#5: the fourth annual Twelve Days of Curlin Babies

Welcome back to the Twelve Days of Curlin Babies, where we celebrate the twelve most memorable races from Curlin’s progeny throughout 2017.  Through all the hundreds of races in which they ran this year, these are the ones that keep reappearing in my mind.

#12: Stellar Wind Wins the First Beholder Mile
#11: Fireball Merlin Carries His Class to Fort Erie
#10: Irish War Cry Rolls Onto the Derby Trail
#9: Federal Agent Makes It Five Straight
#8: Horse-for-Course Captured Slips Under the Radar
#7: Good Magic Gives Curlin a Breeders’ Cup Win — and Solomini, an Exacta
#6: Handsome Franco Weathers Hurricane Maria

#5: Iredell Romps over Majestic Hussar at Laurel

Early in his career, Majestic Hussar got into a little habit of defeating Curlin babies.  When he debuted at Saratoga in August of 2012, he romped; Air Squadron, who also debuted in that spot, finished fourth, eight and three quarters lengths adrift.  His next victory came in January at Gulfstream.  The race was Palace Malice’s first since a maiden win at Saratoga; despite the lay, the public sent the promising son of Curlin away at odds-on.  Yet, Majestic Hussar got the jump, got the lead, and made every call a winning one.  Palace Malice chased him home second, two and a quarter lengths back: a prelude to his prep season that had him finding underneath shares all spring, and only getting his own day in the sun when he won the Belmont.

Four and a half years later, it would be a different son of Curlin — Iredell (Plenty, by Boundary) — who would dance home as easily over Majestic Hussar as Majestic Hussar had once defeated Palace Malice.

Iredell did not quickly find his best.  Though he broke his maiden early in his three-year-old year, in just his third start, that was his only win in his first 21 starts.  He was a competitive runner — after all, he had eight seconds and two thirds in that 1-21 spree — but only that first-time drop to the claiming ranks was enough to shake him out of that underneath streak and get him to the wire first.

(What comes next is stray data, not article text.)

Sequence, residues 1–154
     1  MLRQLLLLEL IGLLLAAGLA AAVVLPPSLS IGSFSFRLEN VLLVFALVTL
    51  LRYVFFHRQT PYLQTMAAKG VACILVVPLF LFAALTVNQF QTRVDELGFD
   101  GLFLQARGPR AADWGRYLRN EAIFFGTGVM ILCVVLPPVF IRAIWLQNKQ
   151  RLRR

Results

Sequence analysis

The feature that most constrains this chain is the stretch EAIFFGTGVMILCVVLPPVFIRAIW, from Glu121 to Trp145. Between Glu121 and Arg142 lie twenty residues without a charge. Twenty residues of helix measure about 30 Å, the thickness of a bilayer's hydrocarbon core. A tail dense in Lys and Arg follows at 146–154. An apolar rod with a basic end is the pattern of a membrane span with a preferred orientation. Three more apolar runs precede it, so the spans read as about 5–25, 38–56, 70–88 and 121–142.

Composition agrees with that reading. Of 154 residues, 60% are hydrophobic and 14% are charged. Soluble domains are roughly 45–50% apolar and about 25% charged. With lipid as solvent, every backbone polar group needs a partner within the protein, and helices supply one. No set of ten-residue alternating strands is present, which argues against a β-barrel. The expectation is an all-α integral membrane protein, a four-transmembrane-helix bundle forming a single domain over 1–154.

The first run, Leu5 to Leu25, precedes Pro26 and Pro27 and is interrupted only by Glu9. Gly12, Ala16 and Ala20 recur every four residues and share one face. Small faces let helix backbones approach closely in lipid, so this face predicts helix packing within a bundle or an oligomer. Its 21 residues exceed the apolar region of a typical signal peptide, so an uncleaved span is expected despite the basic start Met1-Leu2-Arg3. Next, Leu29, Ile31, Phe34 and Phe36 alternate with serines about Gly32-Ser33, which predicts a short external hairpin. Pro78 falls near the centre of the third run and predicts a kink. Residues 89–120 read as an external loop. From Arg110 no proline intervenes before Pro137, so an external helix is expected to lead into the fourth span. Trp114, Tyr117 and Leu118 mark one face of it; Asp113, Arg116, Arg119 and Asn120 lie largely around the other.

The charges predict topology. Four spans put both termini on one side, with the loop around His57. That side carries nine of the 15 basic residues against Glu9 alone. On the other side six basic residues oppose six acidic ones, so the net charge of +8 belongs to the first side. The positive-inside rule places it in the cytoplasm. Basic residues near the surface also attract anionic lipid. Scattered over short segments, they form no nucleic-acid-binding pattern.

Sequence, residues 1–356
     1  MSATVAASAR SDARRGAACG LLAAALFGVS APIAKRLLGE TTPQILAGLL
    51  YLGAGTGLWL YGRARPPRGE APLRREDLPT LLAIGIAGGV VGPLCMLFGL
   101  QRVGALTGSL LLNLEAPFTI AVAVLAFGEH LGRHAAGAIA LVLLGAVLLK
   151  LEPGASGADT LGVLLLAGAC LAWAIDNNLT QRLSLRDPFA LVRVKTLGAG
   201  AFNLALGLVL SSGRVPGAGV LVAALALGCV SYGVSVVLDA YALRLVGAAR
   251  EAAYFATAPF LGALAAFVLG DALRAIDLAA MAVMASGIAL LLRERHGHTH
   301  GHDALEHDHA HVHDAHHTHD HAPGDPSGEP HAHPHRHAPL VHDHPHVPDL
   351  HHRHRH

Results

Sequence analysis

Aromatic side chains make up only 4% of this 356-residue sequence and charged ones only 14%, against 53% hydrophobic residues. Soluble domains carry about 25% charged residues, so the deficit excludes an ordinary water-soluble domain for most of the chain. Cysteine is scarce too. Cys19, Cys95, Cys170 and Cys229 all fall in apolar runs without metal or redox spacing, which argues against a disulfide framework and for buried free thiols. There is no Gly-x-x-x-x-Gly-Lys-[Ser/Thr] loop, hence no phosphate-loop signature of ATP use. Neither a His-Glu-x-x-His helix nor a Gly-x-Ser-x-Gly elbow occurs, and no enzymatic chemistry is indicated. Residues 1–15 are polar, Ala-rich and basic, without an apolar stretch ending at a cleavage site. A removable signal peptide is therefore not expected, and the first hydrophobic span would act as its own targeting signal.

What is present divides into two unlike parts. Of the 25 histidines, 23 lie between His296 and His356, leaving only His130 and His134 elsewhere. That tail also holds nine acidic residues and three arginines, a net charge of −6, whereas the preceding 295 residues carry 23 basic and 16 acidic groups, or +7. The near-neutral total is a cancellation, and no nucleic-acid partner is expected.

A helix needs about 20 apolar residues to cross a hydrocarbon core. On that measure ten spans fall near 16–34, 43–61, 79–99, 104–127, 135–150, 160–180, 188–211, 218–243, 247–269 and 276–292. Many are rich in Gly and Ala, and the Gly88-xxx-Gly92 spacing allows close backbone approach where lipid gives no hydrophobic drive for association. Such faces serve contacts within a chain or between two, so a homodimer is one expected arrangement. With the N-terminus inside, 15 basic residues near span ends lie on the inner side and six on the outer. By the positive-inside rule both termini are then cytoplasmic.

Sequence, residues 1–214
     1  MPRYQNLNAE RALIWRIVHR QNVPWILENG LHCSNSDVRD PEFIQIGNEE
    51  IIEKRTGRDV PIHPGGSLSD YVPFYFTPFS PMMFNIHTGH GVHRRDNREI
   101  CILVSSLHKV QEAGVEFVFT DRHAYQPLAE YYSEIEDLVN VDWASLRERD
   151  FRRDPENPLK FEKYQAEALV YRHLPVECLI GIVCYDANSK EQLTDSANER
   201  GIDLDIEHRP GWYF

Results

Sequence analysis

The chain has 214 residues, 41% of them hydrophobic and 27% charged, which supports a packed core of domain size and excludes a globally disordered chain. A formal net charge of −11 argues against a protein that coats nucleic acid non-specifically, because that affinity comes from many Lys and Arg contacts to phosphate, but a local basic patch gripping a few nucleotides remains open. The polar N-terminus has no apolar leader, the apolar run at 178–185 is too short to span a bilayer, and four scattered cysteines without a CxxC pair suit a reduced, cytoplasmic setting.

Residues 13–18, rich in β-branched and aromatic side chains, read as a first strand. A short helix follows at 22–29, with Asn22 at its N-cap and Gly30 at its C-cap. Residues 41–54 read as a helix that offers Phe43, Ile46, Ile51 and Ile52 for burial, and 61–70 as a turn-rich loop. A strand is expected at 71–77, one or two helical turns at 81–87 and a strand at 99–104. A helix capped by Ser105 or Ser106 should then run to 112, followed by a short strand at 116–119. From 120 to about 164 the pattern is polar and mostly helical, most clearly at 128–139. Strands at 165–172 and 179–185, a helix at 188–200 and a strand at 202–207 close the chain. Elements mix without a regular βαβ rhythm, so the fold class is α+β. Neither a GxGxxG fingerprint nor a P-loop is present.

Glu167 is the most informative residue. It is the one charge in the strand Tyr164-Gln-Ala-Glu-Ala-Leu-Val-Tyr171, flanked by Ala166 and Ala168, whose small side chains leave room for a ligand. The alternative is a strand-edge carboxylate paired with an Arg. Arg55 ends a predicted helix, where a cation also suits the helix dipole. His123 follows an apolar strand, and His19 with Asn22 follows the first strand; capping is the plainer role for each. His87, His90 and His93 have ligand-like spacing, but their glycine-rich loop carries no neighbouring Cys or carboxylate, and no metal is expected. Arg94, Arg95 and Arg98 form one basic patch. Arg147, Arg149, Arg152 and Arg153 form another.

As his four-year-old year progressed, things came together for Iredell.  On January 7 of this year, he was claimed for $5,000 out of original trainer Cathal Lynch’s barn by new owner/trainer Jose Rodriguez.  Though that was the lowest level at which Iredell had run so far, he still managed to finish second at odds-on; he got locked up in a speed duel and Slews Love ran him down.

In Iredell’s first five starts for his new barn, things looked like more of the same.  Though the races came against classier company than before, he was up to the challenge just about as well as he had been up to any challenges in his career, racking up two seconds, a third, and a fourth.

Then, Iredell started to win.

On April 22, Iredell got up by a nose to upset a $25K/$20K starter-optional claimer at Laurel.  Two starts later, on May 27, he romped in a $16K N3L claimer, and was taken by new trainer Kieron Magee and owner Helen Marshall.

He went on the shelf for about two months after that victory, returning in a five-and-a-half-furlong dirt sprint at Laurel on August 6.  Perplexingly, he returned at the $5K level.  The public found that suspicious for a horse who had so recently beaten better.  They didn’t send him off as the favourite.  Instead, they favoured an even steeper class-dropper, one who hadn’t run in eight and a half months.  They favoured Majestic Hussar.

Four and a half years ago, it was Majestic Hussar who bounced out of the gate, quickly took control of the running, and left Curlin’s favoured son Palace Malice chasing him home.  This time, Iredell did so to a favoured Majestic Hussar.  Though Tradfest bounced out of the gate sharply and briefly led from the rail, Iredell soon pushed in front to his outside, and had his head in front leading into the far turn.  Majestic Hussar chased, in close touch.

Past the five-sixteenths Tradfest was caving, giving Iredell the lead.  Majestic Hussar descended on Iredell’s outside flank.

When jockey Gerald Almodovar asked Iredell near the quarter pole, Iredell took command.  He edged clear of Majestic Hussar, sailed for home, and proved too good.  Majestic Hussar did hold second over a rallying C V Eis, but his luck against Curlin babies had run nine and three quarters lengths short.

Iredell’s winning ways continued.  In five more starts through the year to date, Iredell has won twice more, bringing his win tally for the year to five.  He has a chance to make it six: Iredell has been entered for an open $12,500 claimer going six furlongs at Parx on December 30, the same distance, level, and course over which he won on November 6.

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